Have you ever wondered about how much of empathy is innate or learned? As I was reading The War for Kindness by Jamil Zaki, he discusses how empathy can be learned and developed like any other skill and that we as a society can help make the world a kinder place.
These are the main points that stood out to me from the book:
- Empathy can be learned
- Genuine connections can cause breakthroughs
- Empathy can create systemic change
Continue reading to learn more about each one.
Empathy can be learned
One of the biggest lessons in this book is that empathy can be learned and developed. It’s not an innate talent that only some people have. Everyone can learn to be more empathetic.
There are lots of ways to cultivate empathy, from the ways things are taught to how we setup social situations or decisions. Empathy can be encouraged through both nudges (short term changes) and longer term impacts.
Nudges can encourage more kindness based on the way we set up certain social situations, or by making small changes that guide the individuals to choose the kinder option. Nudges are basically small changes that make it more likely for someone to act more empathetically. They can be as simple as rephrasing a question or making it easier to choose the kinder option (such as having to opt out of a donation instead of opting in). We tend to choose the easiest option, so if we make the easiest option the kindest one, they’re more likely to pick it.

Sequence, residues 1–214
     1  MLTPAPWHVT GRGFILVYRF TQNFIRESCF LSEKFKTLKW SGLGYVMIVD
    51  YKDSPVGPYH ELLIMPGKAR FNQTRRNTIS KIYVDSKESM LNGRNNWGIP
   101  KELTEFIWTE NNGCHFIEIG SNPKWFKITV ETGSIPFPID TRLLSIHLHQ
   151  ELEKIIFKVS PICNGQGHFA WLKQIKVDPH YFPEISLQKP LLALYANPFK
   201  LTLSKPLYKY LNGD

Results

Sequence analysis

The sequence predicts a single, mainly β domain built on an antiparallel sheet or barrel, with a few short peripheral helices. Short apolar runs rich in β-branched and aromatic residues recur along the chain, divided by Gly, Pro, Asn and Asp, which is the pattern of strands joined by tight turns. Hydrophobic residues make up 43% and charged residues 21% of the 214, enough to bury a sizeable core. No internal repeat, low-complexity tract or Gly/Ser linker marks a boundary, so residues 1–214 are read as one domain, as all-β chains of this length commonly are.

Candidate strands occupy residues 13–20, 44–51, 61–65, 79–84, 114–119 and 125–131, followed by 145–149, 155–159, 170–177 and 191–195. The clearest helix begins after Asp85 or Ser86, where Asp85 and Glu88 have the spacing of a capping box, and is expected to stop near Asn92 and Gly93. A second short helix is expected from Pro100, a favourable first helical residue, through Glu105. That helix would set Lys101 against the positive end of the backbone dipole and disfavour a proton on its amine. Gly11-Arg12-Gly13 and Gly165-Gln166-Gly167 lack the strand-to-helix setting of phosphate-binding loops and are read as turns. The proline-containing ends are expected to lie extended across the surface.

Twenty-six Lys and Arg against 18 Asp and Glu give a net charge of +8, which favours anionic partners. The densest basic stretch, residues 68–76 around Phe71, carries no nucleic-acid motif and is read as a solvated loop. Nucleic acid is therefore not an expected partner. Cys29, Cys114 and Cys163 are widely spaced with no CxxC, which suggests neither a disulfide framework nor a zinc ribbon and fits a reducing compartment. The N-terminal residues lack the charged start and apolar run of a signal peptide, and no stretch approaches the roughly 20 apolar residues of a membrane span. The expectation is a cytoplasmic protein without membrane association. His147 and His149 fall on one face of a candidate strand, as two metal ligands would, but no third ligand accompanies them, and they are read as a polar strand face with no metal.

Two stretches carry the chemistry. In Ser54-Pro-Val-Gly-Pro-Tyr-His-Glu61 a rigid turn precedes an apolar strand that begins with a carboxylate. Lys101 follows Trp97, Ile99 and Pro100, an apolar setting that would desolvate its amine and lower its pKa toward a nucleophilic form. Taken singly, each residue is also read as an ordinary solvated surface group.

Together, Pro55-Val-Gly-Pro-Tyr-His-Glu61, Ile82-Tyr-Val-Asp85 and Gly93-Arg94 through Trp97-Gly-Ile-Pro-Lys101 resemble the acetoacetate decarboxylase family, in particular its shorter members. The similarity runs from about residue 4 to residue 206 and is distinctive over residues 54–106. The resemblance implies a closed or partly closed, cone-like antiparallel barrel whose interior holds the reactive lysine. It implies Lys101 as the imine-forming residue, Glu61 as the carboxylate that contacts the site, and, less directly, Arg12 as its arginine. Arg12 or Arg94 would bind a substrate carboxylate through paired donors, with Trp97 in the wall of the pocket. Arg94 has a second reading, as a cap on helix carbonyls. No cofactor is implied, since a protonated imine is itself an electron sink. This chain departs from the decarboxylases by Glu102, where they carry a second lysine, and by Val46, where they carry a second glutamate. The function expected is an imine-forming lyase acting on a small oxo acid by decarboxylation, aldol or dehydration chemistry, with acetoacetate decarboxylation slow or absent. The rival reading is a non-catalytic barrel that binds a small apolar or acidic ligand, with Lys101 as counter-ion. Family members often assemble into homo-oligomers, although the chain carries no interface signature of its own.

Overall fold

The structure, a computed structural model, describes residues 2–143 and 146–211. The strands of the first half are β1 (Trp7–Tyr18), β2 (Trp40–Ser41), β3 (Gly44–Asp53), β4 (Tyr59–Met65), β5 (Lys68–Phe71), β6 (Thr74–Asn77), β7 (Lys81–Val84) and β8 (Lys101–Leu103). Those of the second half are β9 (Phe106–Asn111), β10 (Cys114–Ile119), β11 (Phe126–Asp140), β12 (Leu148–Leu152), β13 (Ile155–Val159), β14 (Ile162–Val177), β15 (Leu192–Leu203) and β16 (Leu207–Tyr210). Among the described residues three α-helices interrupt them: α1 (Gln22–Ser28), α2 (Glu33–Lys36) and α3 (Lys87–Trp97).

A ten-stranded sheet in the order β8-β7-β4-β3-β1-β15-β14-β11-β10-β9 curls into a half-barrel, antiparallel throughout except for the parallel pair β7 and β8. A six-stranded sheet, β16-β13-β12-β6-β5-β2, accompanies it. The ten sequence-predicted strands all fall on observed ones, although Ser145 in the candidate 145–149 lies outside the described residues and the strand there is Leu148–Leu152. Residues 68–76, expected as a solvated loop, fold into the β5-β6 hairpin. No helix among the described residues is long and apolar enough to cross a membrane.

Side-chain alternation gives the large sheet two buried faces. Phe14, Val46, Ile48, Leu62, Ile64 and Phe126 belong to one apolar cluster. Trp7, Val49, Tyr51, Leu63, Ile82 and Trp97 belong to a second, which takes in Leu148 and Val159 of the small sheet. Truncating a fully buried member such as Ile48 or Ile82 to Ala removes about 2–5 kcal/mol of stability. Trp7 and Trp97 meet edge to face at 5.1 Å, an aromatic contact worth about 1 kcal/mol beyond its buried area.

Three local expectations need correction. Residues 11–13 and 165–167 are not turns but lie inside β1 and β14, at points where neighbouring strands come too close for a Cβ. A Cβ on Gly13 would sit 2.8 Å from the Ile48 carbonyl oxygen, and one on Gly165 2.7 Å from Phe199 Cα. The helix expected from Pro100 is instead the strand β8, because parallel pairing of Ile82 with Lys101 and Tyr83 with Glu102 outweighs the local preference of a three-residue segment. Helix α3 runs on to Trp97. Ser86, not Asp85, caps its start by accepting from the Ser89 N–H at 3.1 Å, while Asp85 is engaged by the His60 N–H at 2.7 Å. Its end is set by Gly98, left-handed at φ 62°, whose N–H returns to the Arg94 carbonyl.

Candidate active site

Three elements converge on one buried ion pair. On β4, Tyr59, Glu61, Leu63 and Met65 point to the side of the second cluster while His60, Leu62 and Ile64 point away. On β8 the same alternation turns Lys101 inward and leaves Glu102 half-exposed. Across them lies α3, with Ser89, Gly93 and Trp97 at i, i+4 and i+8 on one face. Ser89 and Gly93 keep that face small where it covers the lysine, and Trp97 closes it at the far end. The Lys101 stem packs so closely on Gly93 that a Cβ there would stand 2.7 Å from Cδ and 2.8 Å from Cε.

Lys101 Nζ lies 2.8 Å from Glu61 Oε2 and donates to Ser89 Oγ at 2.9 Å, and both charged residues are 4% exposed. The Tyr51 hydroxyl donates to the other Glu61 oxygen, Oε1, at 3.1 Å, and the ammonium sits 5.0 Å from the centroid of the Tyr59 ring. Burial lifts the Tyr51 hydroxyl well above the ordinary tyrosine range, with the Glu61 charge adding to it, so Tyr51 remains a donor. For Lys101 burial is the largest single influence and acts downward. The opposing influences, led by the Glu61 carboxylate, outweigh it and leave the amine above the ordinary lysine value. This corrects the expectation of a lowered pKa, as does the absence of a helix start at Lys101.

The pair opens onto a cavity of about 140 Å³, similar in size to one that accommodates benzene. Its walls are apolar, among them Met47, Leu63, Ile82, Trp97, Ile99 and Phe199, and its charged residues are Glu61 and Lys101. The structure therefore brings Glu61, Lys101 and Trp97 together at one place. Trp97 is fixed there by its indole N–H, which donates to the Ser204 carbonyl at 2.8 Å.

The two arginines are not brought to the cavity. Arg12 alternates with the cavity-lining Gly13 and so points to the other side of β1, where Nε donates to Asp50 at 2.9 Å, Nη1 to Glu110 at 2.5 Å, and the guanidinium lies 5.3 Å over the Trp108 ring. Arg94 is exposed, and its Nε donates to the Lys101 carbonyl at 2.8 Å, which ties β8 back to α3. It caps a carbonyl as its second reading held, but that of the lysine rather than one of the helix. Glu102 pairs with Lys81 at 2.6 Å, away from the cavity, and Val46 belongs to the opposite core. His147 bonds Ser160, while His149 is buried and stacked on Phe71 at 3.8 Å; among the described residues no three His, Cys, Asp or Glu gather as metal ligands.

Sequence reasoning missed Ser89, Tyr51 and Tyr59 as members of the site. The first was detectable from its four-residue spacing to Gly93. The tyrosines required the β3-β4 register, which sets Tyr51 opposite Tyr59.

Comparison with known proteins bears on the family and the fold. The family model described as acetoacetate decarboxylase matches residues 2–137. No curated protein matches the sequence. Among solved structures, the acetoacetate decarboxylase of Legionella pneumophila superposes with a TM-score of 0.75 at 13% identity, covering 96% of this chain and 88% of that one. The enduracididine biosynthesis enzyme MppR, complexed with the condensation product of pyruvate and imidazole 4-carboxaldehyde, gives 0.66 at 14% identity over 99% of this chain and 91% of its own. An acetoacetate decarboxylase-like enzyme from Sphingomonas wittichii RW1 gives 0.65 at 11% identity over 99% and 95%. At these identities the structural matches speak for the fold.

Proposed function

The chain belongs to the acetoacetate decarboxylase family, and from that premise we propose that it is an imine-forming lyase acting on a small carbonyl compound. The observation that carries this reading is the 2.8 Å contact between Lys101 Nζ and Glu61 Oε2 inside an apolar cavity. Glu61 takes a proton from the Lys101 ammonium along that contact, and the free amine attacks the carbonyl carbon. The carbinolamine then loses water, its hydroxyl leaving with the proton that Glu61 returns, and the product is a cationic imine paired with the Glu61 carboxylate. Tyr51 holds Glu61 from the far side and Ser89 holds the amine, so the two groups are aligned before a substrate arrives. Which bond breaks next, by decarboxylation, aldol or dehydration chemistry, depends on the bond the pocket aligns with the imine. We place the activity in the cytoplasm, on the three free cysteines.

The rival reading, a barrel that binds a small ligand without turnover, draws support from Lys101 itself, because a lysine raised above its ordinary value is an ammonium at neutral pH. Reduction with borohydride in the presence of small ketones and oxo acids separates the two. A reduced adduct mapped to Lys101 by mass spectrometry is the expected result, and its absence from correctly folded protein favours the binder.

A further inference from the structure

However, developing long-term impacts are more difficult. Individuals can create personal long-term impacts by actively developing or cultivating empathy as a skill through intentional decisions and action. There are also ways to teach and encourage empathy throughout society. Such as including empathy-related content in school curriculums or other public education campaigns, along with increasing diversity and encouraging diverse representatives in media, governance bodies, and other parts of society.
Generally helping others is mutually beneficial because it also helps yourself. If more people understood the potential benefits and that it can be learned, then they may be more willing to develop their empathy skills.
Exposure leading to more empathy
People have been shown to develop empathy like a skill, especially by learning and understanding how others live.
Exposure is one of the common ways people suggest increasing empathy. This generally means having people be exposed to different types of people and increasing diversity. The idea is that once people spend time with other cultures, ethnicities, and religions then they will start to see similarities and view them as individuals rather than just “the other.”